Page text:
Charles Wolfe (4 December 1791 – 21 February 1823 / Blakhall, County Kildare)
The Last Rose Of Summer
That strain again? It seems to tell
Of something like a joy departed;
I love its mourning accents well,
Like voice of one, ah! broken-hearted.
That note that pensive dies away,
And can each answering thrill awaken,
It sadly, wildly, seems to say,
Thy meek heart mourns its truth forsaken.
Or there was one who never more
Shall meet thee with the looks of gladness,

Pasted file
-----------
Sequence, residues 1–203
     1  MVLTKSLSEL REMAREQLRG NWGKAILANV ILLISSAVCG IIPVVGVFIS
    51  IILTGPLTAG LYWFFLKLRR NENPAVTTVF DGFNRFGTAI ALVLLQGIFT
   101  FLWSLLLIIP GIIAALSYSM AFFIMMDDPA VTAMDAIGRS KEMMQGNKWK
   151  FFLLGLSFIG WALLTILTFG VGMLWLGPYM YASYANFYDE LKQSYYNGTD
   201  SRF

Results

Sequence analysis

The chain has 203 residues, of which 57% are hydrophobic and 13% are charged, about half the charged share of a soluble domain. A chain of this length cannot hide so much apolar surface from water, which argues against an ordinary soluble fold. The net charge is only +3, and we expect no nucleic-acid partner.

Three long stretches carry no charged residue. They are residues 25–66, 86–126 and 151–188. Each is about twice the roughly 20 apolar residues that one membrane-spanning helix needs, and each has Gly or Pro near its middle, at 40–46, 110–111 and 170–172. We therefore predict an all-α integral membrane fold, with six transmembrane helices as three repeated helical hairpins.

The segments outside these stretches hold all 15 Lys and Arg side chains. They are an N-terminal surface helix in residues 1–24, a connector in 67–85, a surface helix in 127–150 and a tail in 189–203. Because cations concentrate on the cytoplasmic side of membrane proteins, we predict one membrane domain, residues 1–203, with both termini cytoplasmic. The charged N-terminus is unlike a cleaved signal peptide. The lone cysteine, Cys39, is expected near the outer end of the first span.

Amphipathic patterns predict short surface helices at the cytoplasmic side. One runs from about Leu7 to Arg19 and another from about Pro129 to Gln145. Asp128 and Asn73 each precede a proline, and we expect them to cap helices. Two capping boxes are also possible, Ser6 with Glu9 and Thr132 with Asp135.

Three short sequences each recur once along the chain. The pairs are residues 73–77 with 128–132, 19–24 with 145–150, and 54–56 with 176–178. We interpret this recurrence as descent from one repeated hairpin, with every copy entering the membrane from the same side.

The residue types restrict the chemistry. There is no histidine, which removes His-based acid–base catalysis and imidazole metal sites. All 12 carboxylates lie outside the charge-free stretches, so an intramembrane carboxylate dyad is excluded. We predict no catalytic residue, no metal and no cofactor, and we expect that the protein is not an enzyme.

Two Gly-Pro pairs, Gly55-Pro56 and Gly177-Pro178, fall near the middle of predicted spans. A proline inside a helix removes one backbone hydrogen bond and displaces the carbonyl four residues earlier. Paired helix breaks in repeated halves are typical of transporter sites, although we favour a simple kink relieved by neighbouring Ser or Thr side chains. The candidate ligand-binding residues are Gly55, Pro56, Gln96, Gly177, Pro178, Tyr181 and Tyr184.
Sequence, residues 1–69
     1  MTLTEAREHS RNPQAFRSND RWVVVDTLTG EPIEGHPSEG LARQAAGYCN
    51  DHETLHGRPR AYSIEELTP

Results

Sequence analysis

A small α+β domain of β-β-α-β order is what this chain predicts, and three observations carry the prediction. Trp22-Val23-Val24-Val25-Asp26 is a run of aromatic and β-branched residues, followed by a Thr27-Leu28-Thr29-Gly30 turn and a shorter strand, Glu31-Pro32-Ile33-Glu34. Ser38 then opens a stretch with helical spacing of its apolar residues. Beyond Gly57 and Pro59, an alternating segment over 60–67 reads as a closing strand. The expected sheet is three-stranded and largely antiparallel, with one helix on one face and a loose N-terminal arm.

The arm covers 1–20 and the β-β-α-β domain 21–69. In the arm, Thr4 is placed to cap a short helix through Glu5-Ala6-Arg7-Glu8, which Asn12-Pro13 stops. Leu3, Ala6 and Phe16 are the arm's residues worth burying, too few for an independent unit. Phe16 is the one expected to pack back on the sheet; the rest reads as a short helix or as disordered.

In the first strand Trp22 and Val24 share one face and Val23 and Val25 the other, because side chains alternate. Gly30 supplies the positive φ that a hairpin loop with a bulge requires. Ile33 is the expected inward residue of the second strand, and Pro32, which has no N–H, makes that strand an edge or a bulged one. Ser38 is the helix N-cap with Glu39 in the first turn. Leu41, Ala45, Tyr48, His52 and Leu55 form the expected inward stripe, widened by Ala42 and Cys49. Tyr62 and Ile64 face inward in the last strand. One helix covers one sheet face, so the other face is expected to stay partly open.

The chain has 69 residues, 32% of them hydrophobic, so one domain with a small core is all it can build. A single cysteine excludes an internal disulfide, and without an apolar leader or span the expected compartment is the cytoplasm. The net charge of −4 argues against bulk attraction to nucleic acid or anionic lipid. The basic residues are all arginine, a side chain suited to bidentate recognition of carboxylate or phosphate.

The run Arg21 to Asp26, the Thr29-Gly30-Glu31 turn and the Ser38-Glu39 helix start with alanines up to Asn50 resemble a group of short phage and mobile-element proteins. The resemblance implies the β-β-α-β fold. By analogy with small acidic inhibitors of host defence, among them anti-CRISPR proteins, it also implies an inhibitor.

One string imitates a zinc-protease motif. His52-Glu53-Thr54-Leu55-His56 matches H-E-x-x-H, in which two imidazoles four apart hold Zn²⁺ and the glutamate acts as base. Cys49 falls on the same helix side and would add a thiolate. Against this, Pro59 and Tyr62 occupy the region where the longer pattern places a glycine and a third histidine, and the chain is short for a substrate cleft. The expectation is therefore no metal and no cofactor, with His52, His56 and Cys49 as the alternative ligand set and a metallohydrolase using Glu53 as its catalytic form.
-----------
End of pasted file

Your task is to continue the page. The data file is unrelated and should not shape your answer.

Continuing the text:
When all of happier life was o'er,
When first began thy night of sadness.
Sweet mourner, cease that melting strain,
Too well it suits the grave's cold slumbers;
Too well the heart that loved in vain
Breathes, lives, and weeps in those wild numbers.
Comments about this poem (The Last Rose Of Summer by Charles Wolfe )
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